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Lettris is a curious tetris-clone game where all the bricks have the same square shape but different content. Each square carries a letter. To make squares disappear and save space for other squares you have to assemble English words (left, right, up, down) from the falling squares.
Boggle gives you 3 minutes to find as many words (3 letters or more) as you can in a grid of 16 letters. You can also try the grid of 16 letters. Letters must be adjacent and longer words score better. See if you can get into the grid Hall of Fame !
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Tips: browse the semantic fields (see From ideas to words) in two languages to learn more.
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He was educated at Merchant Taylors' School and Trinity College, Oxford. About 1798 he was associated with his elder brother in the management of his father's business, and in 1803 became not only sole manager, but also editor of The Times.
In the same year he signalled the new spirit of his stewardship by expressing his opposition to Pitt, which cost him government advertisements and the loss of his appointment as printer to the Customs, besides exposing him to the unscrupulous hostility of officials. When the King of Portugal sent him, via the Portuguese ambassador, a service of gold plate, he returned it.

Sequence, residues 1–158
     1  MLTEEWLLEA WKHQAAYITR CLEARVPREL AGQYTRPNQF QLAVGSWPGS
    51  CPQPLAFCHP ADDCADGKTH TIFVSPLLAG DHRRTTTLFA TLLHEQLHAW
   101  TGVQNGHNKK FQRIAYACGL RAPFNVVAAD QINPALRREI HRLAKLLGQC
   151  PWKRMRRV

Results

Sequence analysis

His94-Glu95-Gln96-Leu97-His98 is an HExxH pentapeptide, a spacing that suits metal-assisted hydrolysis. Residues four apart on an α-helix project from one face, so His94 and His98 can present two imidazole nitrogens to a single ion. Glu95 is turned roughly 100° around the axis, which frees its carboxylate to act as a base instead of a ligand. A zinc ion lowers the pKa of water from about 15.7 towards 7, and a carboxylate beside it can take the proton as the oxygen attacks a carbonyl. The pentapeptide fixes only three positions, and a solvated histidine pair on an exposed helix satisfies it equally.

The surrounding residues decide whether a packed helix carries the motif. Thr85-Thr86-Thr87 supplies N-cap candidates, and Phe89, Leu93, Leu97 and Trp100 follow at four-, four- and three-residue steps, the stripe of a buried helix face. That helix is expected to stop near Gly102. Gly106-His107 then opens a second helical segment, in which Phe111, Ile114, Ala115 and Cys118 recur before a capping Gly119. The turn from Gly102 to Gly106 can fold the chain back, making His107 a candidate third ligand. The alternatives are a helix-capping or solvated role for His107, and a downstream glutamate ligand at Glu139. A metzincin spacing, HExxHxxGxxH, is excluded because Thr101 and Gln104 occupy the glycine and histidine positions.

It was the same jealous regard for the complete independence of The Times that led him to insist upon the strict anonymity of the able men whom he hired. From about 1810, he delegated to others editorial supervision, first to Sir John Stoddart, then to Thomas Barnes, and in 1841 to John Thadeus Delane, though never the ultimate direction of policy.
In 1830, Walter purchased an estate called Bearwood at Sindlesham in Berkshire where he built a house, afterwards rebuilt by his son to form the present mansion. He was appointed High Sheriff of Berkshire the same year. Two years later, he was elected to Parliament for that county, and retained his seat till 1837. In 1841 he was returned to Parliament for Nottingham, but was unseated the following year on petition. He was twice married, and by his second wife, Mary Smythe, had a family. His eldest son, John, also worked in the newspaper. He died in London on 28 July 1847.